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Professor David Boger

Department of Chemical and Biomolecular Engineering, The University of Melbourne and Monash University


Date: May 8, 2014

Time: 4:00 p.m. Thurs

Location: 1519 Engr II


The presentation traces the rheological research starting at Monash University in 1966 and continued at The University of Melbourne. It describes some of the more human aspects as to how Boger fluids were developed, summarises some of the research conducted with these materials, and then leads on to suspension rheology and ultimately to the area of interest today – environmental rheology and sustainability.


Biosketch: David Boger was educated in the United States receiving a PhD in Chemical Engineering from the University of Illinois in 1965. In Australia he has held positions in Chemical Engineering at both Monash University and the University of Melbourne.
Currently he is Engineering Professor at Monash University and was Laureate Professor and Professor of Chemical Engineering at the University of Melbourne. He is past Director of the Particulate Fluids Processing Centre (a Special Research Centre of the Australian Research Council), past Head of Chemical Engineering and former Deputy Director of the Advanced Minerals Products Centre. His research is in non-Newtonian fluid mechanics with interests ranging from basic polymer and particulate fluid mechanics to applications in the minerals, coal, oil, food, and polymer industries. From 1991-2002 Professor Boger was Chairman of the Trade Waste Acceptance Advisory Committee, a group which advised the City of Melbourne on industrial trade waste discharges to the trunk sewer system. He held the position of BHP Billiton Fellow from 2000-2003.

Highlights of his research include the discovery of constant viscosity elastic liquids (Boger fluids); detailed experimental investigations using such materials to define fluid elasticity effects in important flows; the linking of basic surface chemistry to the continuum properties and the processing of particulate fluids; developing novel methods for flow property measurement; and linking of the basic research to significant industrial outcomes in the petroleum, food and minerals industries. He is well-known for exploiting rheology for waste minimization in the minerals industry.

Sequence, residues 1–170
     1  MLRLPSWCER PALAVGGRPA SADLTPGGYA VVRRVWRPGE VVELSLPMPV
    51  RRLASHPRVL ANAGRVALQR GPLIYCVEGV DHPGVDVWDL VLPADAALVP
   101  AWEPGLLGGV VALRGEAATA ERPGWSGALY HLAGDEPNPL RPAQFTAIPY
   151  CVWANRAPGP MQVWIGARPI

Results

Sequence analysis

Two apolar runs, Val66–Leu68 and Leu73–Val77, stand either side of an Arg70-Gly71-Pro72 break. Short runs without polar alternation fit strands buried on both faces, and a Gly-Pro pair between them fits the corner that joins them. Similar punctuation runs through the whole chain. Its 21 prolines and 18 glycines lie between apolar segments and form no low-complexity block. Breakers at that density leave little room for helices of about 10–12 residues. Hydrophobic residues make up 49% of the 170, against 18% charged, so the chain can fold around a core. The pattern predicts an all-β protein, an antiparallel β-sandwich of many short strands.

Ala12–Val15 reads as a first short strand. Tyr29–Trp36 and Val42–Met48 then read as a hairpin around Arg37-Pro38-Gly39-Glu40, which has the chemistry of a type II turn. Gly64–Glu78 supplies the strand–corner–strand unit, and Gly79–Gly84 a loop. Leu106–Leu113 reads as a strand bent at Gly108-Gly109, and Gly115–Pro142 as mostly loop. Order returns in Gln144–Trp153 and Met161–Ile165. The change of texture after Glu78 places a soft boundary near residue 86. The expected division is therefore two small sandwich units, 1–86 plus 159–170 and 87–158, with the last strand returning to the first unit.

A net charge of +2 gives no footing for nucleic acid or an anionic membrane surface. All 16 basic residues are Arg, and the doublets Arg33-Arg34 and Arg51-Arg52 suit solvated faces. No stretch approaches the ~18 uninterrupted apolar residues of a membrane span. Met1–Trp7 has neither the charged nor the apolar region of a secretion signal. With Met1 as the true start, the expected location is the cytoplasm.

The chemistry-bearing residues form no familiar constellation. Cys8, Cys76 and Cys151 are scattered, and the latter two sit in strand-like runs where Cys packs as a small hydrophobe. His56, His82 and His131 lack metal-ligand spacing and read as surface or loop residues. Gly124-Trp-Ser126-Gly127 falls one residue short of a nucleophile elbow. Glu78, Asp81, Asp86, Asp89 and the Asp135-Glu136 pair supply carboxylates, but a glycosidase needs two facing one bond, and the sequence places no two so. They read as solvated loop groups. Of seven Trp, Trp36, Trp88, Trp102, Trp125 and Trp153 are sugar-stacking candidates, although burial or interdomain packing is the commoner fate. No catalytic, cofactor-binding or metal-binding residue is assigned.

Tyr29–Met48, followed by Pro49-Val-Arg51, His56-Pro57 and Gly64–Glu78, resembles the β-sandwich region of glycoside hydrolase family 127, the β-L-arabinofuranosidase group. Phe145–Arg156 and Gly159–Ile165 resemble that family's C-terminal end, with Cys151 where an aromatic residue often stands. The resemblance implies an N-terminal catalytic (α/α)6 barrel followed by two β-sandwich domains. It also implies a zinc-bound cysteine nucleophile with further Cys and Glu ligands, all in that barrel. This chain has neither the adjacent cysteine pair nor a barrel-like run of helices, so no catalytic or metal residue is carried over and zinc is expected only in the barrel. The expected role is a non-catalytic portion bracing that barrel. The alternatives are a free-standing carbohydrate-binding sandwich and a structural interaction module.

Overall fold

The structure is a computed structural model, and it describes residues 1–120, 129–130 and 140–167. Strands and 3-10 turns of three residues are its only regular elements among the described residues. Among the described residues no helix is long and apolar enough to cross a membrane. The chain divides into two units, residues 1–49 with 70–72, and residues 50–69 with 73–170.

David Boger has received many awards which include The Australian Prime Minister’s Prize for Science in 2005, the 2002 Victoria Prize, the Gold Medal of the British Society of rheology in 2001 and the Walter Ahlström Prize of the Finnish Academies of Technologies in 1995. In 2007 he was elected to the Royal Society.

Other Seminars
Departments
  Biological Sciences
  Chemistry & Biochemistry
  Computer Science
  Electrical & Computer Engineering
  Mathematics
  Mechanical Engineering
  Physics


Institutes and Centers
  Center for Control, Dynamical
    Systems & Computation (CDCC)

  Research in Fluid Physics (CIRF)
  Institute for Collaborative
    Biotechnologies (ICB)

  Kavli Institute for
    Theoretical Physics (KITP)

  Materials Research Laboratory (MRL)


 

 

 

ucsb Contact Information
Dept. of Chemical Engineering
Univ. of California, Santa Barbara
Santa Barbara, CA 93106-5080
Phone: (805) 893-3412
FAX: (805) 893-4731